still exists as a Turkish town, under the name of Allah-shehr, "city of God," i.e., Hightown. The region around is highly volcanic, and, geologically speaking, belongs to the district of Phrygia Catacecaumene, on the western edge of which it lies. The situation of Philadelphia is highly picturesque, especially when viewed from the north-east, for it is principally built on four or five hills, extremely regular in figure, and having the appearance of truncated pyramids. At the back of these, which are all of nearly the same height, rise the lofty ridges of Tmolus; and though the country around is barren and desolate, the city itself is wanting neither in wood nor verdure. The climate of Philadelphia is pleasant and healthy. It is elevated 952 feet above the level of the sea, and is open to the salutary breezes from the Catacecaumene — a wild desert tract of highly volcanic country extending as far to the east as Peltae. This district is even vet famous for the growth of the vine, which delights in a light sandy soil; and, though incapable of extensive cultivation, has a few fertile oases. Close to Philadelphia the soil is rich, and fruits as well as corn are abundant. The Cogamos abounds in fresh-water turtle, which are considered delicacies, and highly prized accordingly. The revenues of the city depend on its corn, cotton, and tobacco. The cotton grows in small pods about the size of a medlar, and not unlike it in form. The town itself, although spacious, is miserably built and kept, the dwellings being remarkably mean, and the streets exceedingly filthy. Across the summits of the hill behind the town and the small valleys between them runs the town-wall, strengthened by circular and square towers, and forming also an extensive and long quadrangle in the plain below. The ancient walls are partly standing and partly in ruins; but it is easy to trace the circuit which they once enclosed, and within which are to be found innumerable fragments of pillars and other remains of antiquity. The missionaries Fisk and Parsons, in 1822, were informed by the Greek bishop that the town contained 3000 houses, of which he assigned 250 to the Greeks, and the rest to the Turks. On the same authority it is stated that there are five churches in the town, besides twenty others which were too old or too small for use. Six minarets, indicating as many mosques, are seen in the town; and one of these mosques is believed by the native Christians to have been the church in which assembled the primitive Christians addressed in the Apocalypse. There are few ruins; but in one part there are still found four strong marble pillars, which supported the dome of a church. The dome itself has fallen down, but its remains may be observed, and it is seen that the arch was of brick. On the sides of the pillars are inscriptions, and some architectural ornaments in the form of the figures of saints. One solitary pillar of high antiquity has often been noticed as reminding beholders of the remarkable words in the Apocalyptic message to the Philadelphia Church: "Him that overcometh will I make a pillar in the temple of my God; and he shall go no more out" (Re 3:12). It is believed that the Christian inhabitants of Philadelphia are on the increase. The city is the seat of a Greek bishop, and the last incumbent of the see did much to spread among his clergy a desire for theological learning; but education is in a very low state, and Mr. Arundell states that the children had been allowed to tear up some ancient copies of the Gospels. See Smith, Sept. Ecclesiarum Asiae, page 138; Arundell, Seven Churches; Richter, Wahlfahrten, page 513; Schubert, Morgenland, 1:353-357; Missionary Herald, 1821, page 253; 1839, pages 210-212; Chandler, Travels, page 310.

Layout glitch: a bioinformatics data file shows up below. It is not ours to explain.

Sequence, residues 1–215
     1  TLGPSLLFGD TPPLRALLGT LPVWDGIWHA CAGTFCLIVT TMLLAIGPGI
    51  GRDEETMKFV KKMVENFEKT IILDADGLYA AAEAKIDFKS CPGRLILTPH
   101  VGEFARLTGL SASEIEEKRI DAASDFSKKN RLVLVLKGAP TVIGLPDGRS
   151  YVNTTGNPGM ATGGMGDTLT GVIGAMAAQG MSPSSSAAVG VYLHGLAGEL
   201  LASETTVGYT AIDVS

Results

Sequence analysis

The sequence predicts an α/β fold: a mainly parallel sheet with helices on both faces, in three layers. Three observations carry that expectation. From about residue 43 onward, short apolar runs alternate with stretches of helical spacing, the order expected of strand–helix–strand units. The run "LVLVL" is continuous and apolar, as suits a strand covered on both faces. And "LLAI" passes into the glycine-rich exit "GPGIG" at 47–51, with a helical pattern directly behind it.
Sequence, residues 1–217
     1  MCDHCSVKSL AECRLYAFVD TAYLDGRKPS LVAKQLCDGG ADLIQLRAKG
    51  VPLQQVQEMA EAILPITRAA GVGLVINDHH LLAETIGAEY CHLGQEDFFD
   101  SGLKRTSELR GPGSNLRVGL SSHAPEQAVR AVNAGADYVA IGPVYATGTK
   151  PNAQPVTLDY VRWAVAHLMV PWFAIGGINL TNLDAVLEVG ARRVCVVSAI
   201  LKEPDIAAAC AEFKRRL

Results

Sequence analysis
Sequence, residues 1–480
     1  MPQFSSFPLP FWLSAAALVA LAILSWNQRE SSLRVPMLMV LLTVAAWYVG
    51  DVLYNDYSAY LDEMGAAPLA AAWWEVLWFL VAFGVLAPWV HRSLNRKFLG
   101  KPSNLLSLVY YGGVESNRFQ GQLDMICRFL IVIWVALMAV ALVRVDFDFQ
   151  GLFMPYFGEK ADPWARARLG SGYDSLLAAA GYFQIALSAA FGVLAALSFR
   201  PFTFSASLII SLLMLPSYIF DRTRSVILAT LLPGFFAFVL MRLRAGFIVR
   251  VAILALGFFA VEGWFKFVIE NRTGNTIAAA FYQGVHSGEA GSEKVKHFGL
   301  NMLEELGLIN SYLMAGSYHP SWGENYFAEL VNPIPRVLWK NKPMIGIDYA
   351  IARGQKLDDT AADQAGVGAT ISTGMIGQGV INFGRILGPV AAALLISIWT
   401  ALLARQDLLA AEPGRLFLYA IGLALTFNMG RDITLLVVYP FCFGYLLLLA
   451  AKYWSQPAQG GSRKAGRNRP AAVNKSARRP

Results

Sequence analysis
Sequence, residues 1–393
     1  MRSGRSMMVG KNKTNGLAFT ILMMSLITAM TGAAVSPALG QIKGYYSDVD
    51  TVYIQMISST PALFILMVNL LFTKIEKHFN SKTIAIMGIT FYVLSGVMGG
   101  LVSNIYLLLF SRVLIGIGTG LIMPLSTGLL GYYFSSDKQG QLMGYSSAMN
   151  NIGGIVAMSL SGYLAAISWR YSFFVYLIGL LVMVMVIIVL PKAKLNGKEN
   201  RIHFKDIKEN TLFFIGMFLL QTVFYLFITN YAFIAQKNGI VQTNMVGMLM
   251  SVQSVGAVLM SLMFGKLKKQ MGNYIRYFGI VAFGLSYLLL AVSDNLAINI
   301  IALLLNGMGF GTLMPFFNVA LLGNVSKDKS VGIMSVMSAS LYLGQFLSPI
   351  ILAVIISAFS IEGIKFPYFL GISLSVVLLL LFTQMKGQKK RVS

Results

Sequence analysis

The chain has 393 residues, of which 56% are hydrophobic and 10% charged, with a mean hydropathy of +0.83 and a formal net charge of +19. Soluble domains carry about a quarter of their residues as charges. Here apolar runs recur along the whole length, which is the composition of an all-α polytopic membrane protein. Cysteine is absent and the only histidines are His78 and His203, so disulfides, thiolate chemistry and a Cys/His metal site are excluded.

It has been supposed by some that Philadelphia occupied the site of another town named Callatebus, of which Herodotus speaks, in his account of Xerxes's march; but the position and fertility of that spot do not correspond. At the same time the Persian king, in his two days' march from Cydrara to Sardis, must have passed very near the site of the future Philadelphia (Strabo, 12, c. 8; Herod. 7:31). SEE ASIA MINOR.